Such elegant and simple design is often the most effective.

Tuesday, December 15, 2009

iMarketing - Apple Copywriting

Apple is a brand that exudes cool in an effortless manner. Of course, this is all a fa├žade; the branding is in fact the result of clever marketing and the best expertise in the business.

Apple is one of the few brands I allow to bombard my inbox with sales marketing, despite the fact that I can barely afford a Granny Smith, let alone a shiny new iPhone. I allow them this pleasure purely to see what their talented marketing bods are up to and with festive marketing going into overdrive, thought that I’d share this ad with you all:


I could sit here and analyse the strapline’s meaning, however it’s elegant simplicity speaks for itself. Great copy from a great brand, this is a first-class example of relating the Christmas theme to product’s unique feature. ‘Cracking’ (ho ho ho) stuff.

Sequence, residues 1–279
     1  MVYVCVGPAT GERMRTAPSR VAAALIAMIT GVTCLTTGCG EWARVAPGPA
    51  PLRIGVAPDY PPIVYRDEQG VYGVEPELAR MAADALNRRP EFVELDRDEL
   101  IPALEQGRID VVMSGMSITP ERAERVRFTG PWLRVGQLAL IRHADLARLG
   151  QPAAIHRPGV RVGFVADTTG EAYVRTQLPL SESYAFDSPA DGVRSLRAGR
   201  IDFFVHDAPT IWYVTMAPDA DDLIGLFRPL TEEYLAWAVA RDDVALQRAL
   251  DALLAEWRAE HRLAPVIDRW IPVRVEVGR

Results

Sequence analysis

Monday, December 14, 2009

Facebook: The Godfather of Social Media and its Identity Crisis


LinkedIn, Twitter, Ning, blogs, mobile applications: 2009 is undeniably the year that social media hit the mainstream, fast becoming ingrained in daily life and accepted by society at large. Whilst the glut of social media options now available to us ensures that we are able to communicate and brand ourselves more thoroughly than ever before, what connotations does this hold for Facebook, the Godfather of social media?